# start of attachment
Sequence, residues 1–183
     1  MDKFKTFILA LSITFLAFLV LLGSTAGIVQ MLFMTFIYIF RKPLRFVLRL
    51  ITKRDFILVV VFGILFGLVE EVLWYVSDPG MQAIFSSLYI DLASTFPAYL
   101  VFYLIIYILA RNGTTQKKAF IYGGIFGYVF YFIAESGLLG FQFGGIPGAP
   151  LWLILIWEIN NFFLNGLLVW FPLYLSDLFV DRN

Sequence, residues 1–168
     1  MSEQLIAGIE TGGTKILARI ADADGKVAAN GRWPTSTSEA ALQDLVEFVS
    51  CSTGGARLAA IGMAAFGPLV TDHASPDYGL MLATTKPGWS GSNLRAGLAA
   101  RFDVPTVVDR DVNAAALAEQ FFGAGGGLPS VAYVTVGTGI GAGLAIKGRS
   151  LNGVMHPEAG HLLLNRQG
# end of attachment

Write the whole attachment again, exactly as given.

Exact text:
Sequence, residues 1–183
     1  MDKFKTFILA LSITFLAFLV LLGSTAGIVQ MLFMTFIYIF RKPLRFVLRL
    51  ITKRDFILVV VFGILFGLVE EVLWYVSDPG MQAIFSSLYI DLASTFPAYL
   101  VFYLIIYILA RNGTTQKKAF IYGGIFGYVF YFIAESGLLG FQFGGIPGAP
   151  LWLILIWEIN NFFLNGLLVW FPLYLSDLFV DRN

Sequence, residues 1–168
     1  MSEQLIAGIE TGGTKILARI ADADGKVAAN GRWPTSTSEA ALQDLVEFVS
    51  CSTGGARLAA IGMAAFGPLV TDHASPDYGL MLATTKPGWS GSNLRAGLAA
   101  RFDVPTVVDR DVNAAALAEQ FFGAGGGLPS VAYVTVGTGI GAGLAIKGRS
   151  LNGVMHPEAG HLLLNRQG